Iceland touring packages typically include; return coach travel or flights, accommodation in a good standard hotel, meals and a variety of included or optional excursions so you can really see the best of the resort you’re visiting. You will have plenty of opportunity to enjoy some traditional Icelandic meals during your holiday as the board basis tends to be Bed and Breakfast or Half Board.


Thinking of travelling to Iceland? Check out the average temperatures for when you plan to visit courtesy of BBC Weather

  Jan Feb Mar Apr May Jun Jul Aug Sep Oct Nov Dec
Reykjavik 0°C -0.5°C 2.5°C 3.5°C 7°C 9.5°C 11.5°C 11°C 8.5°C 5°C 2°C 0°C


Tourist Office
To get more information about visiting Iceland you can check out the tourist board website at

Iceland is a stunning place to explore with a number of great attractions and things to do, here are some ideas of what is available:

Whale Watching
When in Iceland, one of the best attractions is a Whale Watching cruise/tour. Year round, you can explore the seas surrounding Reykjavik where you can possibly see humpback whales, minke whales, white-beaked dolphins and harbour porpoises. You might even be lucky enough to see the famous orca whales (also known as killer whales) in their natural environment.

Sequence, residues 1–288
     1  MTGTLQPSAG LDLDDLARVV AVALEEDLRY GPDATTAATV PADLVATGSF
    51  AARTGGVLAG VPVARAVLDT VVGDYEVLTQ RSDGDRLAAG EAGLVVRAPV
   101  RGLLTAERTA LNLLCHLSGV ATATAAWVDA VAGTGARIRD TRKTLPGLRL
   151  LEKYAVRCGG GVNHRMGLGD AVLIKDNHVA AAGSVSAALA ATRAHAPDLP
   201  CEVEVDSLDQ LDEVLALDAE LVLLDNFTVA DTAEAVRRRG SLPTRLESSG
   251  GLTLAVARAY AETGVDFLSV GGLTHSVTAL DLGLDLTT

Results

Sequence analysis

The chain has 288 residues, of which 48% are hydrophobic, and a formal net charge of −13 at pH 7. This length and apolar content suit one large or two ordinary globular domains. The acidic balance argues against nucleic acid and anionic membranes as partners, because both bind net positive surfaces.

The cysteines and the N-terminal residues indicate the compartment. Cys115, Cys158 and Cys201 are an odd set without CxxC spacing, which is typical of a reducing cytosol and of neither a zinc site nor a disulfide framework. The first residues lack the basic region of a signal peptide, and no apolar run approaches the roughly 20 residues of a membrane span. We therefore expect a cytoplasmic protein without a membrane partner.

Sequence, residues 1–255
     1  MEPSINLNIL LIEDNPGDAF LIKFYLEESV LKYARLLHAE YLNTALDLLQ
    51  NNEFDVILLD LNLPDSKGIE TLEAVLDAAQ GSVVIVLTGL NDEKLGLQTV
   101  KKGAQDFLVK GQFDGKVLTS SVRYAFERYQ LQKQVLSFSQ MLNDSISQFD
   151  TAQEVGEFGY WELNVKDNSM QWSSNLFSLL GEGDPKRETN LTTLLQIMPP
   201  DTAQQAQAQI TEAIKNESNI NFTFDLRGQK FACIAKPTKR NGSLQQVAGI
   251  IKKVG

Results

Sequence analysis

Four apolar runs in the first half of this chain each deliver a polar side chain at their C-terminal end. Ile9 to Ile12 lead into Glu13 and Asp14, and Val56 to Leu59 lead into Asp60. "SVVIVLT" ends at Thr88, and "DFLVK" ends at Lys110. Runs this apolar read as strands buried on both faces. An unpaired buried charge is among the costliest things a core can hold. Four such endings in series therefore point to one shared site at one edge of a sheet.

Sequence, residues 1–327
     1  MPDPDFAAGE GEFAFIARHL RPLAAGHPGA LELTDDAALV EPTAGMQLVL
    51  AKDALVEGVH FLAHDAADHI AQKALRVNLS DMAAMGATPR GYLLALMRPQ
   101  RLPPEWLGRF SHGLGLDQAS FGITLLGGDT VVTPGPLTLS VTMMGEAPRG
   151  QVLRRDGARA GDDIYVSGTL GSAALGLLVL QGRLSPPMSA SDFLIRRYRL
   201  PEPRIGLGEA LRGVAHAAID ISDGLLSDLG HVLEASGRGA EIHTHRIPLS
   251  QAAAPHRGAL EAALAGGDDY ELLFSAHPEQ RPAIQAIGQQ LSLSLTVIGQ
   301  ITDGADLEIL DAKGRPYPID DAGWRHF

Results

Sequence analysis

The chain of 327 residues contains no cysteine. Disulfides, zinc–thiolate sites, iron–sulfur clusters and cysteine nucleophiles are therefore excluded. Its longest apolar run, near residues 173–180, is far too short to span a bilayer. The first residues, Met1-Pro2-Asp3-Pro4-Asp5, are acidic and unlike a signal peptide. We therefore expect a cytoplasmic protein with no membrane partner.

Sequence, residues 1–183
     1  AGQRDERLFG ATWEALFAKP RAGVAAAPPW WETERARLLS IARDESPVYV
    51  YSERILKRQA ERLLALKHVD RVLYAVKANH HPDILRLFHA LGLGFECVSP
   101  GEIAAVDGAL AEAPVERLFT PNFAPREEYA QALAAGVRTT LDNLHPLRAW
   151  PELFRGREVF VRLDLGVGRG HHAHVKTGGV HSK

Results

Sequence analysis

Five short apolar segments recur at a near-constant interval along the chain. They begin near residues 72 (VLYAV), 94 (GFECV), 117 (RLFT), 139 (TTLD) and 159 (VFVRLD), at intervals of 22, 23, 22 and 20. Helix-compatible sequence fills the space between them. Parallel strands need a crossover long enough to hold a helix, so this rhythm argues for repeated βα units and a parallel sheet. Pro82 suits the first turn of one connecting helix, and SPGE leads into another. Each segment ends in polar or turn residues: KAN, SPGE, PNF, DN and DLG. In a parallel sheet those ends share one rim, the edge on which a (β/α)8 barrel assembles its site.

Blue Lagoon
One of the most visited attractions in Iceland is the Blue Lagoon, a geothermal spa. The steaming waters are part of a lava formation, located in a lava field. The waters are rich in minerals like silica and sulphur which are supposed to be good for the skin and have curative powers.

As Iceland has a high level of volcanic activity, it is home to some of the world’s greatest geysers. They are located all over the island, many in Haukadalur. The Strokkur geyser erupts every 5 to 8 minutes and when it does it hurls boiling water around 30 metres in the air. Geysers have become a major attraction for tourists visiting Iceland in addition to its spectacular scenery. 

Northern Lights
Formerly known as Aurora Borealis, the Northern Lights have long enchanted visitors to Iceland. As the night sky lights up with dazzling shades of green and sometimes pink, become transfixed by this strange natural phenomenon. It is thought that the best time to see this rare sight is around midnight, be sure to escape city lights as they will give out a lot of light pollution. Obviously, there is no guarantee to seeing this strange phenomena, the weather has to be right but fingers crossed it'll be perfect for you!

To help you have an enjoyable holiday in Iceland take a look at these useful tips and advice provided by the Foreign and Commonwealth Office (FCO):

Health and Travel Insurance

Before travelling to Iceland you should contact your GP to check whether you need any vaccinations or preventive measures.